As the first fresh Boulder County-grown corn comes to markets, stands and stores, the cooking advice is pretty simple: Don’t mess with what selective breeding has delivered: giant cobs lined with sugary kernels.
Back in the day we would pick up a few dozen ears on the way home from the pond, but they were much smaller and less sweet. The cobs got boiled unmercifully in salted water under the impression that it would make them sweeter. It did not.
Some would say fresh corn needs nothing, and gnaw on the naked kernels. Unless I’m doing a county fair judging, that’s not for me. I like salt flakes, fresh ground black pepper and a glistening of good butter.
Even better is smoked butter. Put butter in a heatproof dish inside a cold or warm smoker. You can smoke butter or corn in a grill by using a foil dish with chunks of smoldering damp mesquite or hickory chips.
Slice the kernels off the cob and add to pancakes and salads or sauté in bacon fat or sesame oil as a side dish.
Feeding a crowd at a picnic? Make camp corn by placing shucked corn in a cooler and adding hot water and salt. Just don’t let it sit in there too long.
I’m told the very best way to cook an ear of corn is butter-poaching. I’m told this because it takes a few pounds of hot melted butter to immerse an ear of corn. Maybe I try it at the next summer party…
The easiest way is to grill cobs on a charcoal or gas grill for a few minutes to develop some character, otherwise known as caramelization. What you do with it after that is up to you.
I love elote — Mexican roasted corn — which is a wonderful blast of summer flavor. There are dozens of toppings used but here’s one great recipe for elote using roasted (in the husk) corn from Kitchen Gypsy: Recipes and Stories from a Lifelong Romance with Food (Oxmoor House) by chef Joanne Weir.
Elote (Roasted corn with chipotle aioli)
6 ears corn, tops trimmed
1 cup mayonnaise
1 small clove garlic, chopped
1 tablespoon chipotle en adobo
1 tablespoon fresh squeezed lime juice
1/4 teaspoon ground chile de arbol
1 teaspoon ground guajillo
2 tablespoon unsalted butter, melted
1/2 cup crumbled Cotija cheese
3 tablespoon chopped fresh cilantro
3 tablespoons minced red onion
6 large lime wedges
Directions: Preheat an outdoor grill over medium heat. Cut the top ends off the corn. Place on the grill and cook, turning occasionally, 12 to 15 minutes.
In the meantime, in a blender or food processor, combine the mayonnaise, garlic, chipotle and lime juice and 1/4 teaspoon salt until smooth.
In a small bowl, combine the chile de arbol, guajillo and 1/4 teaspoon salt. Set aside.
When the corn is done, peel back the husks and discard the silk. Brush the corn with melted butter. Drizzle the chipotle aioli onto the top in a zigzag pattern. Sprinkle with the Cotija, cilantro and red onion. Sprinkle the spice mixture on top. Serve garnished with a lime wedge. Makes six servings.
Note: Don’t waste the cobs! Instead of tossing the corn cobs after cutting off the kernels, simmer them in water for 30 minutes to get a smooth broth to use in green chile, to make polenta or to poach chicken. Cobs can also be simmered in milk to use in sauces and chowders.
The 25th anniversary Olathe Sweet Corn Festival on Aug. 6 includes a doughnut dash, pancake breakfast, corn eating contest, live music and all-you-can-eat corn. olathesweetcornfest.com.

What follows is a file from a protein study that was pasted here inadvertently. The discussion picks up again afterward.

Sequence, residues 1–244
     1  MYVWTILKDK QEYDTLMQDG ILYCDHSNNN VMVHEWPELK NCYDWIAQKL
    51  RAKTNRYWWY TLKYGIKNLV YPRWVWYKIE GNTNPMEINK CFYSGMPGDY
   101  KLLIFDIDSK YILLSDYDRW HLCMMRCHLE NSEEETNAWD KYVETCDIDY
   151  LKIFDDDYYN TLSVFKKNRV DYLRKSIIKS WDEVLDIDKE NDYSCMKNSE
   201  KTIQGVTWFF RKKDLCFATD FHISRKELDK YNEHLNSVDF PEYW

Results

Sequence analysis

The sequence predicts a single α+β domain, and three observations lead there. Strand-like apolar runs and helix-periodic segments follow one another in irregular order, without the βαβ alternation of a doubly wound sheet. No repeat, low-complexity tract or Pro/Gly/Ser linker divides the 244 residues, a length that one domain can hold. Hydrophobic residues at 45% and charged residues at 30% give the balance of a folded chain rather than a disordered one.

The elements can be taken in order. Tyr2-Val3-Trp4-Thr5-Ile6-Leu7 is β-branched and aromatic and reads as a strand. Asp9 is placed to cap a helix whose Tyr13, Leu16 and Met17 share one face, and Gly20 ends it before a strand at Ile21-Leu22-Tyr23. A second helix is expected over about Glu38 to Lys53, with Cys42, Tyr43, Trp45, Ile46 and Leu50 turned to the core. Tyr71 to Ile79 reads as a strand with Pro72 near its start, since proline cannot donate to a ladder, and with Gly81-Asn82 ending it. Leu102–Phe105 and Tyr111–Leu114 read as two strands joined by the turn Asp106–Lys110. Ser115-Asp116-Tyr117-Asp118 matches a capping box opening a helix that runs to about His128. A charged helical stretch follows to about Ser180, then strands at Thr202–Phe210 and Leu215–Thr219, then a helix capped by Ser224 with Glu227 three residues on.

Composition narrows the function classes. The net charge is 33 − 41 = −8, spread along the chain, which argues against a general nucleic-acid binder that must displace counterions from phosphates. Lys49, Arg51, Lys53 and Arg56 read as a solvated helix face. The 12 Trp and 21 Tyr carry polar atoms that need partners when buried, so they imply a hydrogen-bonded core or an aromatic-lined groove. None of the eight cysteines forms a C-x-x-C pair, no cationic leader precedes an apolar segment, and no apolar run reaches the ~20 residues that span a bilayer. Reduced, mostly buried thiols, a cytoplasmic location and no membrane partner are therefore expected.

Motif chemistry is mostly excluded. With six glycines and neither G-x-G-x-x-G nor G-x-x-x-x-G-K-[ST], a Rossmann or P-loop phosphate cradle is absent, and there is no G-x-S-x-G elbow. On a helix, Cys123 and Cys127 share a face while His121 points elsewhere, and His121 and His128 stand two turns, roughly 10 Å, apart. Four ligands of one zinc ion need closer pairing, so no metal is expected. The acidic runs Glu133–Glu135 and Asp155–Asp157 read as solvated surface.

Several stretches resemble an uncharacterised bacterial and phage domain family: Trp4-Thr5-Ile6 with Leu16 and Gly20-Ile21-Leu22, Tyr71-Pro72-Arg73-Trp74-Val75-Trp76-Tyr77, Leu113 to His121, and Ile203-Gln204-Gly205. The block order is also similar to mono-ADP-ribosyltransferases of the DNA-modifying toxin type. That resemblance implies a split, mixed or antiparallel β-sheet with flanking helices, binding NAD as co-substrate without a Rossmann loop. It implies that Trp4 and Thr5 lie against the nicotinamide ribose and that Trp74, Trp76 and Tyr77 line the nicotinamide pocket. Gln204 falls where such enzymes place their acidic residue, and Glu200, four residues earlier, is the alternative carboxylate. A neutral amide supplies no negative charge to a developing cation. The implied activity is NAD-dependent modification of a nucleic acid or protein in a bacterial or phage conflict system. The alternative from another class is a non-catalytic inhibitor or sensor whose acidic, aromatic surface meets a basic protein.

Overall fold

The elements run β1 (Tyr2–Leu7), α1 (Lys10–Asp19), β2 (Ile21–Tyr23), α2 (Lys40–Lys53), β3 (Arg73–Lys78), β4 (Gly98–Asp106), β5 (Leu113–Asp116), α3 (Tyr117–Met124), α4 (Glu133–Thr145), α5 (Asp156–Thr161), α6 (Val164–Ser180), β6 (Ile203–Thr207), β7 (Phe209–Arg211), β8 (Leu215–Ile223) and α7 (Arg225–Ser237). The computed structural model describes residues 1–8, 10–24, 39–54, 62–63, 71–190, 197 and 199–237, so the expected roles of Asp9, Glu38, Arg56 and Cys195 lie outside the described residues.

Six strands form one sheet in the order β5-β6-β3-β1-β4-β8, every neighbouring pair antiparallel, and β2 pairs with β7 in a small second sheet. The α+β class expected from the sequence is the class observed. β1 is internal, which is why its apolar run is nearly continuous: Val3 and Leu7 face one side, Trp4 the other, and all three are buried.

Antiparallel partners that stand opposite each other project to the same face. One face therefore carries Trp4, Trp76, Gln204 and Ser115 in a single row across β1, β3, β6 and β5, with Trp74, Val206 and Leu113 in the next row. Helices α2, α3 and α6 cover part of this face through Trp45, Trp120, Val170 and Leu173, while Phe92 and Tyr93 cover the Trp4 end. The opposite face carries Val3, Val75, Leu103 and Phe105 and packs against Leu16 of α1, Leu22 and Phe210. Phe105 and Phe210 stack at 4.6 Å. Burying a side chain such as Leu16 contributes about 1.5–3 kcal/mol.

Local Food News
Sushi Yoshi, the cool Japanese eatery from Superior, has reopened at 917 Front St., Louisville. … The Flagstaff House has once again won the Wine Spectator Grand Award for its service and 15,000-bottle cellar as it has every year since 1983. Flagstaff House is one of only three restaurants in the world to have earned the award for this long. … Two Lafayette breweries took home gold at the recent U.S. Open Beer Championship: Howdy Beer from The Post Brewing Company and Imperial Porter from Liquid Mechanics. Other Colorado winners include All American IPA (City Star), Big Water Nut (Crow Hop Brewing), Bad Motor Finger Coffee Stout (Denver Beer), Old Chub (Oskar Blues), Radio Red Ale (Crow Hop), Stick’s Pale Ale (Bootstrap Brewing) and Colorado Top Rope Lager (The Post).
Food films, interactive live opera, first-class culinary networking and entertaining small plates are on tap at the Flatirons Food Film Festival benefit Aug. 3 at The Dairy Arts Center in Boulder. Stellar chefs on hand dishing their fare are Daniel Asher (River and Woods), Dave Query (Big Red F), Kelly Whitaker (Basta) and Nate Singer (Blackbelly). Other artisan goodies provided by Cured, Il Porcellino, Hen and the Heifer and Lucky’s Bakehouse. flatironsfoodfilmfest.org. … Chefs including Rachel Best (Leaf), Casey Easton (Food Lab), Vanessa House (Shine) and Diane Starnick (Culinary Hearts) will cook with organic produce grown by Boulder teens at the 17th annual benefit for the Cultiva program on Aug. 6 at Growing Gardens, growinggardens.org.
Words to Chew on
“My 11-year-old son Hans and I drove about 3,500 miles along the George Brett Super Highway, the Mark McGuire Highway and Pete Rose Way in search of the ultimate ballpark food. … We detoured home to Iowa’s Field of Dreams (where the Kevin Costner movie was filmed). I had a catch with my son, he took batting practice, and art and life melded as we disappeared into the corn in right field. Pulling back one ear’s husk, we nibbled some kernels. They were as sweet and memorable as this heavenly American adventure we’re on.” — Nibbles, Rocky Mountain News, Sept. 9, 2005
John Lehndorff hosts Radio Nibbles at 8:25 a.m. Thursdays on KGNU. Podcasts at: news.kgnu.org/category/features/
radio-nibbles. Send food event info and corn pies to: Nibbles@BoulderWeekly.com